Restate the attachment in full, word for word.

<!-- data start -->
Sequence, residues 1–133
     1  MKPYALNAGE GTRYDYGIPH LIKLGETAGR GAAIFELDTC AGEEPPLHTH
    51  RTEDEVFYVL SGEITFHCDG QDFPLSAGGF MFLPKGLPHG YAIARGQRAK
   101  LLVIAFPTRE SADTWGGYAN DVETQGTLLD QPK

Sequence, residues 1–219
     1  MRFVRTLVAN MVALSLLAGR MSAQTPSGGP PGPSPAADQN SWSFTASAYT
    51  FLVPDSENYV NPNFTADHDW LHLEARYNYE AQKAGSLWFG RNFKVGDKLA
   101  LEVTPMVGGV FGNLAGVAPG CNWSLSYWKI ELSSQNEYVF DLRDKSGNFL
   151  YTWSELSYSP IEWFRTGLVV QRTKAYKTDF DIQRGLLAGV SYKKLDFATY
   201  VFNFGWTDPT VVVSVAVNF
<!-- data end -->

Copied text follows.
Sequence, residues 1–133
     1  MKPYALNAGE GTRYDYGIPH LIKLGETAGR GAAIFELDTC AGEEPPLHTH
    51  RTEDEVFYVL SGEITFHCDG QDFPLSAGGF MFLPKGLPHG YAIARGQRAK
   101  LLVIAFPTRE SADTWGGYAN DVETQGTLLD QPK

Sequence, residues 1–219
     1  MRFVRTLVAN MVALSLLAGR MSAQTPSGGP PGPSPAADQN SWSFTASAYT
    51  FLVPDSENYV NPNFTADHDW LHLEARYNYE AQKAGSLWFG RNFKVGDKLA
   101  LEVTPMVGGV FGNLAGVAPG CNWSLSYWKI ELSSQNEYVF DLRDKSGNFL
   151  YTWSELSYSP IEWFRTGLVV QRTKAYKTDF DIQRGLLAGV SYKKLDFATY
   201  VFNFGWTDPT VVVSVAVNF